Adapting to a New Life Is a Little Easier for a Son of Army Parents
I grew up moving every year or so, living on bases all over the country and Europe. As a result, I was constantly making new friends and learning how to get around in unfamiliar surroundings. It gave me experiences few people get who grow up in one place.
However, it wasn’t until I had the opportunity to meet a young man who had been severely burned when trapped in an apartment fire in July 2018, that I truly appreciated how being a military “brat” can help prepare someone for life’s challenges.
Zachary Sutterfield, 20, was trapped in an apartment fire in San Marcos, TX, on July 20, 2018. Consequently, Zachary burned over 70 percent of his body, endured a traumatic brain injury, lost all his fingers on one hand and all but two short digits on the other, lost an ear and underwent 23 surgeries within the first six months of the fire. Zachary’s injuries were so severe the doctors gave him only a small chance of survival.
And yet today, one would be hard-pressed to know he had been through such horrors talking to him. Zachary has an infectious sense of humor and his optimism is irresistible. I was just amazed at how he was taking his new life in stride. His dad explained why.
“I think Zachary learned early how to adapt. He and his brother, Danny, are military brats and have lived a lot of different places where they had to pick up and adjust to a new life,” said Zachary’s father, Karl Sutterfield, who retired from the Army after more than 20 years of service.
Zachary’s mom, Deona, who also served in the Army, completely agreed. “Our boys learned fast and early how to adapt and that complaining was never the answer,” she said.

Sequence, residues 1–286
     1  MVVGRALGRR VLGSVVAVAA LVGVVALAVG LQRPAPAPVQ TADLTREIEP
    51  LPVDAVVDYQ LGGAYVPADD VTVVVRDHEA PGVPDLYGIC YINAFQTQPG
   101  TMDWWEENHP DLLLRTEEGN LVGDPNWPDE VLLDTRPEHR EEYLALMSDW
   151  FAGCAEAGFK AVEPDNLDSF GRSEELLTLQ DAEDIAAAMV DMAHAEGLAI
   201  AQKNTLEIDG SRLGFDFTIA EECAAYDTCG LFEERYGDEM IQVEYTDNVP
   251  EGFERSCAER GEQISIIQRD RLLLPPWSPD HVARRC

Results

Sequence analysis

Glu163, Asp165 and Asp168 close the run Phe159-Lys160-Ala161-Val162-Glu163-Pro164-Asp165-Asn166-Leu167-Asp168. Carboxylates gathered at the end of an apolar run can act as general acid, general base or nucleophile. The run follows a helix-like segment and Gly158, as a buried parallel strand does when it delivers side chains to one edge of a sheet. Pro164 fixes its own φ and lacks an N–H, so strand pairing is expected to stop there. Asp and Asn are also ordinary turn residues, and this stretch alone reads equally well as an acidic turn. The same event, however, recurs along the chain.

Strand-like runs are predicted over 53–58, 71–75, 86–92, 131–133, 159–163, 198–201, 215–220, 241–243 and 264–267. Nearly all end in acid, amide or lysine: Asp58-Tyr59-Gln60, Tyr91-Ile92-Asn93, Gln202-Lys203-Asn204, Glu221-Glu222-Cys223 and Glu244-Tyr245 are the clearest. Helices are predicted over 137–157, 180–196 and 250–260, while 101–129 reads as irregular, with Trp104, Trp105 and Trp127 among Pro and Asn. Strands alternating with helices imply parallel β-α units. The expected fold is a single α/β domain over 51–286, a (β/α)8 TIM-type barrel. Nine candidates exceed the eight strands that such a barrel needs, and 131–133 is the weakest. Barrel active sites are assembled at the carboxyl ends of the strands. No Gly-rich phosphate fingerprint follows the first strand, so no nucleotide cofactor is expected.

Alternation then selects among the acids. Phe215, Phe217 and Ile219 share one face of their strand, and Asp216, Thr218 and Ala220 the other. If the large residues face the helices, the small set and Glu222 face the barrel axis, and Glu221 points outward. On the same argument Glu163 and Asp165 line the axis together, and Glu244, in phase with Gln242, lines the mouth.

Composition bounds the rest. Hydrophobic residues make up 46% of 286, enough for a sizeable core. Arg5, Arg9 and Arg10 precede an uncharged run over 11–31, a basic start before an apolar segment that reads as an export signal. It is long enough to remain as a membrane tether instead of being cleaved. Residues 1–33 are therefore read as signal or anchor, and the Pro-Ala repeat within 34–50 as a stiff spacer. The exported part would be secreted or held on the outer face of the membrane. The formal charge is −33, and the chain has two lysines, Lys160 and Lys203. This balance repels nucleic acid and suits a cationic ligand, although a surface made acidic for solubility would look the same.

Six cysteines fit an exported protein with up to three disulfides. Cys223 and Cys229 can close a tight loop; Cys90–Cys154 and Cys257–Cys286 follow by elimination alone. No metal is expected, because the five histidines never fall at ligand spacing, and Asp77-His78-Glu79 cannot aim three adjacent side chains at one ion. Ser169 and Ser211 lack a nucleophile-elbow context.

In addition to the resiliency that military children have, both Deona and Zachary spoke highly of the medical care he was getting at the US Army Institute of Surgical Research Burn Center, at Brooke Army Medical Center. One more important benefit of a military connection – world class healthcare.
Zachary and his mom are living at the Fisher House on base, where they have found some normalcy in an otherwise painful and therapeutic world.
“I can’t put into words how grateful I am to Fisher House Foundation,” said Zachary. “The fact that every day I had my mom there with me. She would do my wound care, the bandaging. She’d bring home-cooked food to me. And I knew when she left that she’d be going somewhere that would be like home. That was warmest and reassuring feeling I had, cause I knew it was going to be a year or year and half till I would leave Brooke Army Medical Center.”
“Fisher House allowed us to be a military family,” said Zachary. “My mom has never left my side. Even when I was alone in my hospital bed, I knew they were with me.”